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Chinese Foreign Travel Grew 11X in 2023 But Still Lags 59% Below 2019, Per China Trading Desk Report, Which Predicts 50% Rise in 2024

China’s Gen-Y and Gen-Z grow increasingly fond of South Korea but show less interest in US–where travel remains 90% below 2019 numbers, per CTD’s 11,000-person Q4 survey. Young, educated women driving tourism rebound

SINGAPORE, January 17, 2024–Chinese tourism grew elevenfold in 2023 with 30.7 million people travelling to the top 20 destinations outside the People’s Republic of China, up from 2.67 million in 2022. However, foreign travel among Chinese last year remained 59% below pre-pandemic levels, according to China Trading Desk’s 4th Quarter China Outbound Travel Sentiment Survey–an 11,000-person study, which forecasts a 50% rise in travel this year and, also, shows significant generational and gender divides in evolving foreign travel patterns.


The number of Chinese tourists visiting 20 top foreign destinations in 2023 was 41% of their numbers in 2019, when 74.4 million left the country, according to China Trading Desk Founder Subramania Bhatt, who predicted 16 million (or 50%) more Chinese will travel abroad this year, bringing outbound travel in 2024 to 62% of pre-pandemic levels.


While travel to Macau, Singapore, the United Kingdom, the United Arab Emirates, Australia and Hong Kong rose above 50 percent of their 2019 levels, Chinese tourism to several other once-popular destinations remained far below pre-pandemic rates.


Notably, while more than 4.4 million Chinese visited the US in 2019, only 439,00 visited the country last year, up from 93,246 in 2022.


“In the Chinese press and on social media, the image of the United States is increasingly negative,” explained Mr. Bhatt. “Reports of mass shootings and videos of city streets overrun by homeless people have played a factor in keeping Chinese travel to the US low. Geopolitical tensions, the high cost of travel to the US and the unfavorable exchange rate haven’t helped either.”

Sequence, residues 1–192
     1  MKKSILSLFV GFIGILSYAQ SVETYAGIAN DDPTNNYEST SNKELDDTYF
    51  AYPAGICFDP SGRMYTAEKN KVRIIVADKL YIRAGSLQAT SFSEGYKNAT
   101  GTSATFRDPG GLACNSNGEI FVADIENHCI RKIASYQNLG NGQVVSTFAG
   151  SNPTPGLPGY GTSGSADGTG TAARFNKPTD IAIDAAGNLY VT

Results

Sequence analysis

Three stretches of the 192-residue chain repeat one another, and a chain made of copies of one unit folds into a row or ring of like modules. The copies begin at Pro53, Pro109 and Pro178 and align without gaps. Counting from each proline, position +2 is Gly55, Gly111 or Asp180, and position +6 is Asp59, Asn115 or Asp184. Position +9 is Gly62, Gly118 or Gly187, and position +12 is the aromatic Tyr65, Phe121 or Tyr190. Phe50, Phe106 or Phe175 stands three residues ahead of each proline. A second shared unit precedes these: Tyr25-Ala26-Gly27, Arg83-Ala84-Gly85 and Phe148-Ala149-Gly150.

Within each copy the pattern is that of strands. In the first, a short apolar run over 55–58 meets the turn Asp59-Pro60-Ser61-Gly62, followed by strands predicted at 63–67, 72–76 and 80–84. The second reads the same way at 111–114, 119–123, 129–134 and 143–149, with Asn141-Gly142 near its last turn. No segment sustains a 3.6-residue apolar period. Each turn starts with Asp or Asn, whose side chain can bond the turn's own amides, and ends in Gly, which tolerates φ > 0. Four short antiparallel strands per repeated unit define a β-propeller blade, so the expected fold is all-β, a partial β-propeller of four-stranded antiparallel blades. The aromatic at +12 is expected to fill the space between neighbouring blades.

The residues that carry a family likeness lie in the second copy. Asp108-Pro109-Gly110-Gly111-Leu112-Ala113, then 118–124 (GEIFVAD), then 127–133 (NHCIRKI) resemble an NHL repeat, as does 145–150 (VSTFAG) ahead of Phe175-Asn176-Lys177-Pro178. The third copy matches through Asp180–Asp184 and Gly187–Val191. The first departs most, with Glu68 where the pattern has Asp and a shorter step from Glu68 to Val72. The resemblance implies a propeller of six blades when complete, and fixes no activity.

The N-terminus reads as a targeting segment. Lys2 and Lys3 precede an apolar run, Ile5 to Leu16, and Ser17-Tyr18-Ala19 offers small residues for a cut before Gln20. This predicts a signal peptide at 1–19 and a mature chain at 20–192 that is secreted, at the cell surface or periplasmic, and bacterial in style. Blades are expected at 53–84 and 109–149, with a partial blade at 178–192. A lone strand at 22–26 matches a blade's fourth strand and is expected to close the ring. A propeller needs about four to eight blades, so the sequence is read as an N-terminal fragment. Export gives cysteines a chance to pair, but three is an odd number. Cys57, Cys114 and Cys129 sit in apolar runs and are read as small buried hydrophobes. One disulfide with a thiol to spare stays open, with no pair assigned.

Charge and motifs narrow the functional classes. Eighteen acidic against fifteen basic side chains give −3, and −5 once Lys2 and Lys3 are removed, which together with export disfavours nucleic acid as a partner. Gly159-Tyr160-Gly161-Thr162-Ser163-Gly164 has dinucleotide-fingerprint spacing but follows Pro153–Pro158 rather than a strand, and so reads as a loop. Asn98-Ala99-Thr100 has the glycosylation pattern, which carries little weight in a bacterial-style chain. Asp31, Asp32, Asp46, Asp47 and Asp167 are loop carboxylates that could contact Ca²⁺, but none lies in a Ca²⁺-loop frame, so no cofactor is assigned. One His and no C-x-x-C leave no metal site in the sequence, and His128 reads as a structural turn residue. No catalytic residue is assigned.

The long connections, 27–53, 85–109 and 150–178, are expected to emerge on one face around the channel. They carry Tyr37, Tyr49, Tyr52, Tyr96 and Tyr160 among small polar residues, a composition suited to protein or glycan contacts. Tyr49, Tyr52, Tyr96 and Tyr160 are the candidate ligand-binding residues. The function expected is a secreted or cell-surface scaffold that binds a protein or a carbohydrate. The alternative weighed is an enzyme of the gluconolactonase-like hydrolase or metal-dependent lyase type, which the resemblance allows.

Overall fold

China Trading Desk predicts more than 1.3 million Chinese will visit the United States in 2024, a threefold rise over 2023 levels but still 70% below 2019 travel figures.


Fears of nuclear contamination following the Fukushima disaster have played a role in dampening Chinese travel to Japan, per Mr. Bhatt. While nearly 10 million visited that country in 2019, only 3.7 million did in 2023.


Anxiety also suppressed Chinese travel to Thailand last year, but for different reasons. The popularity of Chinese-language movies depicting crime in Southeast Asia was a significant factor in depressing Chinese travel to Thailand and Cambodia. While more than 10 million Chinese visited Thailand in 2019, fewer than 4 million did last year.


China Trading Desk’s end-of-year survey–the world’s most comprehensive study of its kind–also revealed that a new profile of the average Chinese tourist is emerging.


Nearly 6 in 10 Chinese tourists in 2023 were female and more than half had bachelor’s degrees, per CTD, which also finds that 56% of Chinese travelers live in a Tier 1 city.

“The demographic profile of Chinese travellers shows notable changes,” China Trading Desk’s founder explained in the 4th quarter report. “While young, urban professionals from Tier 1 cities continue to dominate, there’s an intriguing rise in female travellers, highlighting a shift in the gender dynamics of Chinese foreign tourism. This development beckons marketers to tailor their strategies to engage this increasingly powerful consumer segment.”


Attracting China’s Gen-Y and Gen-Z tourists requires appealing to their desire for adventure, personal growth and social media-shareable experiences, said Mr. Bhatt, who emphasized that younger Chinese travellers also value eco-friendly, sustainable practices.


Europe, Singapore, Thailand, South Korea and Japan were the five most popular destinations for Chinese tourists in 2023; however, China Trading Desk research has found slight but significant variations across generations. For China’s Gen-Y and Gen-Z, South Korea is an increasingly popular choice while Thailand has become less popular. Conversely, China’s Gen-X prefers Thailand over South Korea. The popularity of South Korean cultural exports, particularly K-Pop and its movies and TV shows, are a large factor driving younger Chinese interest in travelling there, explained Mr. Bhatt.


China Trading Desk’s Travel Sentiment Survey also included the following findings:

  • 63% of respondents who travelled abroad in 2023 had not travelled outside the country before.

  • 35% plan to travel abroad within the next 6 months.

  • 68% prefer to book less than one month in advance.

  • AirAsia, Singapore Airlines and United Airlines were the three most popular airlines for Chinese tourists travelling abroad.

  • 53% of respondents planning to travel abroad plan to spend at least 25,000 RMB ($3,500 USD).

  • Travel App, Xiaohongshu, and Douyin were the three most popular sites used to buy flights and hotels.

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